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What is risk? Is it volatility, measured by standard deviation or beta?

Yes, but not exactly.

Volatility is the measurement of price fluctuations — how much an asset or portfolio of assets swings.

If stock ABC falls $5 on day 1, then gains $5 on both day 2 and day 3, a measurement of total volatility will show ABC swung by $10 in 3 days (from a low of -$5 to a high of +$5).

But it only fell one day out of three — wasn’t that the only day we *really* saw risk?

The Sortino Ratio answers that question in the affirmative.

## What is the Sortino Ratio?

Instead of measuring total volatility, like the Sharpe Ratio, the Sortino Ratio differentiates between* positive* volatility and *harmful* volatility.

**Positive volatility is unexpected, sharp upswings in asset price movement. **

**Harmful volatility, on the other hand, is unexpected, sharp downsings in asset price movement.**

Advocates of the Sortino Ratio argue that positive volatility* isn’t* risk. To their point, aren’t we making investments in hopes our assets increase in value?

Why then, when that happens, should that be considered risk?

It shouldn’t be.

Thus, the Sortino Ratio was born.

### Advantages of the Sortino Ratio

Because of its differentiation between positive and harmful volatility, the Sortino Ratio is a useful way for investors and portfolio managers to evaluate an investment’s return *compared* to its bad risk.

The quality of an investment should be determined by its returns given the level of risk undertaken to achieve those returns.

Since upside volatility is beneficial for investors it shouldn’t be included in risk calculations — only harmful volatility should be considered.

The Sortino Ratio boils down an investment’s returns given its level of bad risk — and boils it down into a single figure. From there, investors can use it to easily compare *multiple* investment options or fund managers’ performances.

### Disadvantages of the Sortino Ratio

Like all ratios, the Sortino Ratio can’t tell you everything — it’s only a tool.

Plus, the ratio is only as good as its inputs.

Fund managers can cherry-pick data points, resulting in Sortinos which are inaccurate *at best *and intentionally misleading at worst.

Be careful when using the Sortino Ratio (or any ratio) without looking at a broad time period and using it in conjunction with other valuation techniques.

**The Sortino Ratio cannot be your only tool for making investment decisions.**

## Sortino Ratio Formula

If this equation looks familiar to you, it should.

It’s the same as the Sharpe Ratio except only harmful (negative) volatility is included in the denominator.

## What is a Good Sortino Ratio?

Just like the Sharpe Ratio, the *higher* the Sortino Ratio the *better*.

That’s the simple answer to the question “what is a good sortino ratio?”

When comparing two similar investments, investors will prefer the one with the higher Sortino Ratio.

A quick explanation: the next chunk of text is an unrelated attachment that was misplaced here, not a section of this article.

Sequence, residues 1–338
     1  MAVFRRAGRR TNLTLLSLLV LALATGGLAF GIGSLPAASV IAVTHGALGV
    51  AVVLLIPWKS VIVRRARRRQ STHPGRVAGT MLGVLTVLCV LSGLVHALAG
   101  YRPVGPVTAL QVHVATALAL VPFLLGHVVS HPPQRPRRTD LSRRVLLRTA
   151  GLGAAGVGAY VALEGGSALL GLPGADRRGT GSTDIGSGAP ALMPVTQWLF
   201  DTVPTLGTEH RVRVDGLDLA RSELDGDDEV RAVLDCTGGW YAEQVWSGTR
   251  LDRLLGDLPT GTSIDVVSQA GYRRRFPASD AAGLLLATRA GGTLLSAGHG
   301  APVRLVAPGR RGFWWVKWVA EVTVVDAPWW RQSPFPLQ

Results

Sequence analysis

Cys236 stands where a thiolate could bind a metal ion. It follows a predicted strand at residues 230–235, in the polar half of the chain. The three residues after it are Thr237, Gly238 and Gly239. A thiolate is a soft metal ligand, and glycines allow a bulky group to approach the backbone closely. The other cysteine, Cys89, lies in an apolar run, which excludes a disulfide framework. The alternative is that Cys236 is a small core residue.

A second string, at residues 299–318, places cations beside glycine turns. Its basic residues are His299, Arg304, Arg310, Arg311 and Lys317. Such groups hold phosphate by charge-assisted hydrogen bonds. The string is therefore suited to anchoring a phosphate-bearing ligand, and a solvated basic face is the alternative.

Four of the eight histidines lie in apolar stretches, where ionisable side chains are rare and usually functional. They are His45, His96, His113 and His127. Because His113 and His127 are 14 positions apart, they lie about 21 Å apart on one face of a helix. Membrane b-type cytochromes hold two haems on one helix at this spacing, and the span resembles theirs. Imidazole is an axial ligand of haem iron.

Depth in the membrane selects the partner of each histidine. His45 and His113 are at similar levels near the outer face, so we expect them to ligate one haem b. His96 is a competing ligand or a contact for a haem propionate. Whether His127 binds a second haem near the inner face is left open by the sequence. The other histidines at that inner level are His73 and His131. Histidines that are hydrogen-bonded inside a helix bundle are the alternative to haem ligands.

The *higher* the figure, the *greater* the return per unit of harmful risk.

On a more complex note, a good Sortino Ratio is anything higher than 1.00, while anything above 2.00 is considered very good.

Ratios of 3.00 or higher are excellent — especially if sustained consistently.

## What is a Poor Sortino Ratio?

A poor Sortino Ratio, on the other hand, is anything less than 1.00.

Any ratio in the 0 — 1.00 range should be considered suboptimal.

If you’re considering a fund or investment with a Sortino less than 1.00, you should move on — there are almost certainly better opportunities available.

## Sortino Ratio Example

Next, we’ll take a look at an example of the Sortino Ratio.

Let’s assume Mutual Fund Z has an annualized return of 15% and a downside deviation of 10%. The risk-free rate is 2.5%.

- Mutual Fund Z has a Sortino Ratio of 15% - 2.5% / 10% = 1.25

Unlike the Sortino Ratio, the Sharpe ratio punishes for positive volatility.

Consider Mutual Funds X and Y. Each has an annualized return of 15%. X has a standard deviation of 12% and a downside deviation of 10%. Y has a standard deviation of 20% and a downside deviation of 5%. Again, we’ll use a risk-free rate of 2.5%.

- Mutual Fund X has a Sharpe Ratio of 15% - 2.5% / 12% = 1.04
- Mutual Fund Y has a Sharpe Ratio of 15% - 2.5% / 20% = 0.625

Using the Sharpe Ratio, X looks like the better fund. But, look at their Sortino Ratios:

- X has a Sortino Ratio of 15% - 2.5% / 10% = 1.25
- Y has a Sortino Ratio of 15% - 2.5% / 5% = 2.50

By this measurement, Y is the better fund. The Sortino method only focuses on the risk that matters — the *real *risk.

## The Bottom Line: Sortino Ratio

**The Sortino Ratio gets risk right.**

Positive volatility is *not* risk.

If you buy a stock and it rises 10% in a day, you might wonder what the catalyst was, but you definitely won’t be disappointed.

Similarly, you won’t want to avoid the funds with similar price movements, which is exactly what will happen if you include positive volatility in your calculations.

The power of the Sortino Ratio is that it only tracks harmful volatility — real risk.

And that’s a power that you, as a stock investor, can utilize to make wise investment decisions.